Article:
Inside the Gates: Alaska Air National Guard builds homes for Cherokee Nation veterans
ANCHORAGE, Alaska (KTUU) - Alaska Air National Guard’s civil engineers are trained to build infrastructure and other resources while on deployment, but a squadron’s recent trip to Oklahoma built up more than practical work-based knowledge.
Thirty-eight members of the 176th Civil Engineering Squadron spent 15 days there in May to help build new homes for those who served.
“They paved the way for us,” said Airman 1st Class Donrail Ingram. “Without them, we wouldn’t be able to do this.”
The squadron took part in the Cherokee Veterans Housing Initiative, a collaboration between the Department of Defense’s Innovative Readiness Training program and the Cherokee Nation. The goal is to build 21 new single-family homes and supporting infrastructure for Cherokee veterans and their families over three years.
“It feels good,” Ingram said. “I felt like I did something bigger than I would ever do. I never thought I’d see myself helping build houses.”
During the 15-day training in Oklahoma, the Air National Guardsmen worked on four different home sites while the 176th Force Support Squadron’s Services Flight served 3,355 meals.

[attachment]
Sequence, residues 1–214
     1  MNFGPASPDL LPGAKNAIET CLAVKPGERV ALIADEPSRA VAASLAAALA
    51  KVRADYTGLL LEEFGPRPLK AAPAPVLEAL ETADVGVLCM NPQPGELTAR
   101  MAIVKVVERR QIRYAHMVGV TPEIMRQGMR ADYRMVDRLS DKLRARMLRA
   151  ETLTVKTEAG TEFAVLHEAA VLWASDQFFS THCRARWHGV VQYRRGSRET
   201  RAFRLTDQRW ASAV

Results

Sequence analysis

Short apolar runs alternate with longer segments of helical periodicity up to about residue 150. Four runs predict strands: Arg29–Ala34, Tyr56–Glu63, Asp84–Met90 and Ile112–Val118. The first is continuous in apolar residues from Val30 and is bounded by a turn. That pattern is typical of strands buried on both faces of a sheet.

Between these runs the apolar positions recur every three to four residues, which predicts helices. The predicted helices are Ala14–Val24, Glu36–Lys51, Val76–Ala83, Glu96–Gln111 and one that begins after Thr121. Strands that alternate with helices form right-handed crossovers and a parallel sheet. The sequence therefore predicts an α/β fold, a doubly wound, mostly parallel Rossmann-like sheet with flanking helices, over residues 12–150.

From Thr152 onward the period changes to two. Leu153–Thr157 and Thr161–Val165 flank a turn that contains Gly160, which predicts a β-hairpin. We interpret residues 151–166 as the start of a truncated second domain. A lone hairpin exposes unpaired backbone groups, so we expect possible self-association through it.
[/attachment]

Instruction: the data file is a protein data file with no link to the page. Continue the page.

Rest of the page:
Senior Master Sgt. Michel Keegan, enlisted leader of the squadron, said they experienced some challenges from Mother Nature during their deployment, but skill and determination helped them push through.
“It rained for a long time. We actually lost 36 hours of construction time because of that,” said Senior Master Sgt. Michel Keegan. “Still accomplished putting the whole building up with the exception of windows and doors.”
Despite the challenge, the squadron received compliments about their “quality work” from the people of the Cherokee Nation.
“They’ve paved the way for us for decades to come,” Keegan said. “This is our time to shine, our opportunity to give back.”
Troops from every branch of the military will work on the new homes until all 21 are built.
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